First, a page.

Fawad Khan to return to music with mega Pepsi project -Pakistan Press Foundation (PPF)

Paksitan Press Foundtion

Fawad Khan to return to music with mega Pepsi project

Pakistan Press Foundation

KARACHI: The battle of fizzy drinks has begun.  If Coke is tuning instruments for the anniversary episode of Coke Studio, Pepsi is all set to make a show-stopping entry into the music industry. Sources tell The Express Tribune that Pepsi will formally launch their music venture soon which is going to be their biggest advent into music since Pepsi Smash and Battle of the Bands.

“The show totally focuses on harnessing fresh talent,” a source close to the core team of the show told The Express Tribune. “And not just new talent, the purpose of the show is to bring forward new Pakistani bands and their music.”

Apart from giving a platform to new faces, the show will be spearheaded by some of the most well-known faces of the entertainment industry and apparently even Fawad Khan is involved. “We don’t know in what capacity but Fawad is definitely involved in the show big time,” said the source.

Given Fawad’s history as an artist, his inclusion in a music show that focuses on bands makes perfect sense. Don’t forget that his primary claim to fame was his rock band Entity Paradigm (EP) which was discovered in a Pepsi Battle of the bands season. This venture would be more like a homecoming for Fawad who has also appeared on Coke Studio after finding a permanent career in TV and later on in films. Even during the promotions of his Bollywood debut Khoobsurat, he blew everyone away when he sang Amitabh’s Dilbar Meray live on Kon Banega Crorepati.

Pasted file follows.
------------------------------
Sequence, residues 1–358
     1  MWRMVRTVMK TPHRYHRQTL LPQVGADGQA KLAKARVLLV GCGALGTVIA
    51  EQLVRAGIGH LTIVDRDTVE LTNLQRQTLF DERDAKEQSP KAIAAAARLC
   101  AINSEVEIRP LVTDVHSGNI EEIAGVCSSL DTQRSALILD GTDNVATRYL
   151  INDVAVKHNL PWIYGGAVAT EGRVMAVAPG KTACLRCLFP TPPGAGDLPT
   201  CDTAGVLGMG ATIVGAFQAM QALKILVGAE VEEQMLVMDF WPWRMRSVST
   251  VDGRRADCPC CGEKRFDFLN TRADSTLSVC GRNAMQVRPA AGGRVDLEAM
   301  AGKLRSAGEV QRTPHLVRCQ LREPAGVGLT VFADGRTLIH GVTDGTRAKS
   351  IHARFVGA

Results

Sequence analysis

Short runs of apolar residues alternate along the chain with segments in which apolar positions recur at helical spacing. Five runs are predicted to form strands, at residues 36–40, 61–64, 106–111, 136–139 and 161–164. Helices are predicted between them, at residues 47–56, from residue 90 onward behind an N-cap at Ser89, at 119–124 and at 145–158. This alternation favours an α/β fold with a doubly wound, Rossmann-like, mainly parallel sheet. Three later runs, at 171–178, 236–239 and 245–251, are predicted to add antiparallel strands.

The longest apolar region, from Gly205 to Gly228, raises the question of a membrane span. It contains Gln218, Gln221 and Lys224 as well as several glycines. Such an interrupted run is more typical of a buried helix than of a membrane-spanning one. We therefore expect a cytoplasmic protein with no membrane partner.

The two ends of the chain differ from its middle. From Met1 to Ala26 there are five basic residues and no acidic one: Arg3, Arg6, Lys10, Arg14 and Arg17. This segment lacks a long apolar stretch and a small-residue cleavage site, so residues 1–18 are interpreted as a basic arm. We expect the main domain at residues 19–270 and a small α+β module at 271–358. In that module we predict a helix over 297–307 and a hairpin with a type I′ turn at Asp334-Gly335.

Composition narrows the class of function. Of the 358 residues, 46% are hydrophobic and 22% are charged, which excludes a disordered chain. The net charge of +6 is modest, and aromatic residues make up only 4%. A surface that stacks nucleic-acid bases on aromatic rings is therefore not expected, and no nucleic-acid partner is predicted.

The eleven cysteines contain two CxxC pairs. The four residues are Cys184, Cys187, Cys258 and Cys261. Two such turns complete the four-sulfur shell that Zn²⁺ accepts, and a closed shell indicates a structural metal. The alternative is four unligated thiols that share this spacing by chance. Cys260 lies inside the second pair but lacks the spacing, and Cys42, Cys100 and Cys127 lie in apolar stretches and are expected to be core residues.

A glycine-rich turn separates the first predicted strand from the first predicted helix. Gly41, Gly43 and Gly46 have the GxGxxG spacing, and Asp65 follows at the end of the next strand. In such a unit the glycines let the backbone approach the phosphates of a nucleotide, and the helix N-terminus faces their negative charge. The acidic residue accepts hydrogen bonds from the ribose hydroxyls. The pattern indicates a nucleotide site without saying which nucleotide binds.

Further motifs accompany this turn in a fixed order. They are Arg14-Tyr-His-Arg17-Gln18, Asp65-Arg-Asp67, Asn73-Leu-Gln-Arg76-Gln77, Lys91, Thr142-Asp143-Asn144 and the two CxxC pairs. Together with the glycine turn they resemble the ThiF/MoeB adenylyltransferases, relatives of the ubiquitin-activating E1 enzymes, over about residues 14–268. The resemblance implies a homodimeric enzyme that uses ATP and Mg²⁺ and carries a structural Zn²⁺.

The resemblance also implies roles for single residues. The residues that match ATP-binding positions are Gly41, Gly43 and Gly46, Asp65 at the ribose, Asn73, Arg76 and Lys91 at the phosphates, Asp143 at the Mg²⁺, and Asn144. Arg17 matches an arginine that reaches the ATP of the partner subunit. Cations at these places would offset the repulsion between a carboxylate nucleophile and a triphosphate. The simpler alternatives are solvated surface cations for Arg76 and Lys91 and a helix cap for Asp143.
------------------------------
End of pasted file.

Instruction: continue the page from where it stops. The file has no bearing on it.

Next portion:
The project is being done in collaboration with streaming portal Patari which will primarily be responsible for providing fresh talent. When approached for a comment, Patari CEO Khalid Bajwa was not available. Khan’s management team had not confirmed or declined his participation in the project till the filing of this report.

If this project manages to achieve what the core team is planning to then it might end up taking the Pakistani music industry out of its redundancy and revive the long-dead band culture. It’s high time to admit that the last megastars our music industry created in the truest sense were Atif Aslam and Ali Zafar and it has been a downhill journey since then. The likes of Asim Azhar and Uzair Jaswal may come out as the Justin Biebers of Pakistan but they don’t have as much of a following and more so an impact.

On the other hand we do have exceptional bands like Khumariyaan but the instrumental and ethnic nature of their music restricts them to a niche or a foreign audience. Let’s hope that this project actually brings new talent to the fore and doesn’t end up being as futile as the many talent hunts that have failed previously in Pakistan.

The Express Tribune

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